Synopses of the Books
Maurice (novel, 1971), by E. M. Forster
Written over many years while Forster was already established as one of the English language’s most nuanced and perceptive novelists, but not published during his lifetime because he feared censure for a book exploring romances among homosexual men. This novel is about love, but also about conventional society’s cruel intrusions into our individual emotional lives, and the author’s own self-censorship is an important aspect of the story.
Rubyfruit Jungle (novel, 1973), by Rita Mae Brown
A coming-of-age adventure with Molly Bolt, a narrator as feisty as Scout Finch or Huckleberry Finn. Considered audacious when first published for its unapologetic, unrepressed portrayal of lesbian experience, the novel remains startlingly wild and fun even as our society has become more open. Not a book intended to advance a political cause but rather an exuberant testament to the revolutionary impact of a creative spirit.
Zami: A New Spelling of My Name (memoir, 1982), by Audre Lorde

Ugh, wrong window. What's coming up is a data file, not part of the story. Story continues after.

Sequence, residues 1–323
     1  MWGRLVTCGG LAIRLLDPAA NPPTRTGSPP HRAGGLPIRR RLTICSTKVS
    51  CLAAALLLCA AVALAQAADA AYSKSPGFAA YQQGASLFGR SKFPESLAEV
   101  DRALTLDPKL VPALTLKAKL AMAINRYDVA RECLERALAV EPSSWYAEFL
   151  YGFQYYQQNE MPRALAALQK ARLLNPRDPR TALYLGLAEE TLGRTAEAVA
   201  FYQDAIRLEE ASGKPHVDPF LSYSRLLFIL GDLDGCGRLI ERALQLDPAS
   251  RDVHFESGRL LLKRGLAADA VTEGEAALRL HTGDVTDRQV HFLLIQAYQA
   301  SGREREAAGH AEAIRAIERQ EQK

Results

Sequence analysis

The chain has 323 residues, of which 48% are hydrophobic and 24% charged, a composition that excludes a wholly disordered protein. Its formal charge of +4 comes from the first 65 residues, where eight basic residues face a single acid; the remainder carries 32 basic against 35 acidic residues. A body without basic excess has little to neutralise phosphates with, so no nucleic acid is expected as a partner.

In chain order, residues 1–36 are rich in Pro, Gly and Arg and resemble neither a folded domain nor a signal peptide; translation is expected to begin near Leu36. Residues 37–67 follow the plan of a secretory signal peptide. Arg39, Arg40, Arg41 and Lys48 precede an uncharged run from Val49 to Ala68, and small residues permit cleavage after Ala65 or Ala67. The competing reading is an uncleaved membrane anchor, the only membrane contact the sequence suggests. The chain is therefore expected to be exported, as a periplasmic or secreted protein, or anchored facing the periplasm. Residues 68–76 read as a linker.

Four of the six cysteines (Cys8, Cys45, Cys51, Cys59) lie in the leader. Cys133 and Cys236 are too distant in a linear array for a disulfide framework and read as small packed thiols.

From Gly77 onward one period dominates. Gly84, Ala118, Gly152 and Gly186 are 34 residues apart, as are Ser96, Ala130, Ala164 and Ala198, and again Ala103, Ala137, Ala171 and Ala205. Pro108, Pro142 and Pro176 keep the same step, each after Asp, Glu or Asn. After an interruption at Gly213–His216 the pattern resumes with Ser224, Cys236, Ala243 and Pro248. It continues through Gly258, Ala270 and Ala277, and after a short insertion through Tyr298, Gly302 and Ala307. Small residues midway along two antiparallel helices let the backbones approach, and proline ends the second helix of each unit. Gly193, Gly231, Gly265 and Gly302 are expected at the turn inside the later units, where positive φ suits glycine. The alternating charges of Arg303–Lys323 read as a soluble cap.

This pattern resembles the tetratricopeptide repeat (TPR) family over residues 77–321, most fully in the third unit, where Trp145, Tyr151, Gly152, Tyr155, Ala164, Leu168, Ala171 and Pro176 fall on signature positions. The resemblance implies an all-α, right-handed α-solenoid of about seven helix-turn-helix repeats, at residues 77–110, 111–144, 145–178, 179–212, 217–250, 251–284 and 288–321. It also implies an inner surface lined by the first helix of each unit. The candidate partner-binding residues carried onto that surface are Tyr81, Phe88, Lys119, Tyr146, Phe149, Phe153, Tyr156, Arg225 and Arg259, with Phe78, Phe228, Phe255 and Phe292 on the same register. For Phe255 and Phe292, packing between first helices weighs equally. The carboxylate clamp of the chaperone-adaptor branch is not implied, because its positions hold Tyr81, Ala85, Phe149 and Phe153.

A highly inventive memoir by a Black poet who grew up in Harlem, the child of Caribbean-born parents. Transcending typical nonfiction, Lorde proposes and demonstrates a new genre, which she calls biomythography, combining history, biography, and myth. Following the author’s quest for education, authenticity, and love from the 1930s through the 1960s, Zami offers the witness of a writer who (as she said) “dedicated both her life and her creative talent to confronting and addressing injustices of racism, sexism, classism, and homophobia.”
The Prince of Los Cocuyos: A Miami Childhood (memoir, 2014), by Richard Blanco
A briskly paced and dramatically shaped autobiography by the first openly gay US Poet Laureate, who grew up in Miami, home of Florida’s Cuban-American community. Pivoting upon the author’s teenage years and his gradual understanding that his emotional and romantic inclinations were different from many of his peers, the story also shows an exceptionally bright and alert youth discovering the artistic skills and sensitivities that would make him an exceptional writer.